Social isolation and loneliness has been identified as an increasing health concern within the ex-service personnel population in the UK. Social isolation is linked to poor health and well-being and increased risk of mortality. For many veterans, the transition to civilian life from a military environment is a significant life change, with a loss of identity, established social networks no longer accessible, which may impact on mental health and wellbeing. Research has identified gaps in provision of services, health inequalities and care to support veterans as they integrate into civilian life. Additionally, the stigma associated with mental health, which has specific military contexts, may be a barrier to ex-service personnel of all ages in seeking help. This study will help to provide a better understanding of the impact of social isolation on veterans living in Sunderland and explore solutions to support wellbeing to inform commissioning and delivery of services. The project will employ a qualitative research methods approach, using situational analysis to investigate:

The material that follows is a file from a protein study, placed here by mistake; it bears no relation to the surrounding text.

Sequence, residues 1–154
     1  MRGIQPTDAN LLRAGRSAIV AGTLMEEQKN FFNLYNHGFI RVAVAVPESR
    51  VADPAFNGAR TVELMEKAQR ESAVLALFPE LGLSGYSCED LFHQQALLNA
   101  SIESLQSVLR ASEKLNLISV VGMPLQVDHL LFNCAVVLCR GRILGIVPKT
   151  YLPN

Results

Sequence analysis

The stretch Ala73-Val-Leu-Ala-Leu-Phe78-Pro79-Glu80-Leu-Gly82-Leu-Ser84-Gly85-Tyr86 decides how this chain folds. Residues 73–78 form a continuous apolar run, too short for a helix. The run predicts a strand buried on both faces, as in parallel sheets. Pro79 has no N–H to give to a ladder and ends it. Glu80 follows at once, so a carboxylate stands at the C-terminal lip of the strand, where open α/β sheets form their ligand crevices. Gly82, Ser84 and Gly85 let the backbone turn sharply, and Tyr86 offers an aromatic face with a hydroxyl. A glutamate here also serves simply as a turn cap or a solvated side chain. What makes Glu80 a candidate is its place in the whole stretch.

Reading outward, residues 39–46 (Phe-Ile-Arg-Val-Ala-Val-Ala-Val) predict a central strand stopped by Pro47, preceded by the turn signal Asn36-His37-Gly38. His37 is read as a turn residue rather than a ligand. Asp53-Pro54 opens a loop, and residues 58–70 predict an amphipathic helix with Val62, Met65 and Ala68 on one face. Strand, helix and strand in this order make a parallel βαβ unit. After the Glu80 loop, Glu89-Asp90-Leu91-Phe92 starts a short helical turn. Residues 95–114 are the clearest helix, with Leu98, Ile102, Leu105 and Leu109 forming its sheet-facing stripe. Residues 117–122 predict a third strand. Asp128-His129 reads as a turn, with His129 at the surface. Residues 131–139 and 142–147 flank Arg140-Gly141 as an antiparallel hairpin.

- The experiences of ex-service personnel as they transition to civilian life
- The perspectives of family and friends of veterans, to be able to explore the issues of social isolation from those who live with and support veterans in a domestic environment
- The role of social prescribing in the wellbeing of veterans and their families.
- The role of organisations, formal and informal networks in the identification care and support of veterans in Sunderland